I decided recently that it was time to replace my kitchen appliances that came with the house I bought in Oak Cliff a couple of years ago. I had been making do with my drop-in range on which the two front burners didn’t work, but when the dishwasher went out that was it. I quickly realized I didn’t know how to wash dishes by hand. I couldn’t figure out what to do with the dishes in between washing them and storing them in the cabinet. I mean, they were like wet. It was way to much trouble to wash one, dry it off, put it in the cabinet and start over. The refrigerator worked, but it was ugly. And the way things have gone with my house, it would have died soon.

So I logged on to Sears.com where I discovered what I wanted on sale. I ordered all new kitchen appliances in basic black. I decided that I wanted a free-standing range because it was a lot cheaper than a new drop-in. That’s where my problems began. Obviously, the cabinet had to be cut out the rest of the way to the floor to fit the free-standing range in.

The Sears Web site offered installation of free-standing ranges for $99.99 so I assumed that involved a little work on the part of the installer. I clicked the button and added the installation amount to my order. A couple of days later a woman from the private contractor Sears had arranged called to schedule an appointment for the “installation” of my free-standing range. I explained to her what I wanted, and she informed me that would be extra. Her husband would let me know how much extra when he arrived, she said.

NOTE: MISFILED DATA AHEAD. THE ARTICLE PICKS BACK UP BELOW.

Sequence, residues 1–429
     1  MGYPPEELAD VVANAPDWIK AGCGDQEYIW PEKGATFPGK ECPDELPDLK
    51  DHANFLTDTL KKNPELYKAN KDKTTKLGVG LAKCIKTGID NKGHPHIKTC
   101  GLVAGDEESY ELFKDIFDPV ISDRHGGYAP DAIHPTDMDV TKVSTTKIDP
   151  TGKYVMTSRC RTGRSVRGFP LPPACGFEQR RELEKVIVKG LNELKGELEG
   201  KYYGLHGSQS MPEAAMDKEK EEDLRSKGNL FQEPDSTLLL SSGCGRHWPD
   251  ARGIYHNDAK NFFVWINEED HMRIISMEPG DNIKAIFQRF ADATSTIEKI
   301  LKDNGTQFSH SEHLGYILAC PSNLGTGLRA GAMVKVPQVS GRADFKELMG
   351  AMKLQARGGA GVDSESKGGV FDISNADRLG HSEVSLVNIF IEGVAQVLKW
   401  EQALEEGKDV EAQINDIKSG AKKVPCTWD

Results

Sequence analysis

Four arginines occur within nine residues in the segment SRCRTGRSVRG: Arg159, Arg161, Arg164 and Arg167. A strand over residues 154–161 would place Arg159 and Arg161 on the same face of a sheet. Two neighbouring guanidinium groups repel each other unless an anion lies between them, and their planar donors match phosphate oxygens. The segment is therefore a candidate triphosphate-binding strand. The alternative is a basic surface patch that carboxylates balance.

So I started thinking about it — what does $99.99 worth of installation of a free-standing range actually mean? I was already paying a separate $65 delivery charge. You’re probably already ahead of me. Yep, he was basically going to plug the sucker in and declare it installed. He might also need to adjust the levels at the base of the range.

After I called Sears.com and canceled my order, I called the installation woman back to ask if I could just hire them directly to come out and do the work to install my free-standing range. “Oh, no,” she said. “If you want us to do the work for you, you’ve got to go through Sears.”

The long and short of this is that Sears.com really wanted to charge me $99.99 just to make an appointment for me. I guess it’s easier to sell something like that over the Internet. I’m hoping a sales person in a Sears store wouldn’t attempt to do that face to face.

I reordered my appliances, but this time I looking for my own installation person. (Does anyone out there have any suggestions?) I’m not bitter at all about the experience. In fact, I’m quite happy. When I called back to reorder, the sales price on the appliances had dropped another 10 percent. Thank you Sears.com. It was indeed an interesting experience doing business with you.

— David Webb

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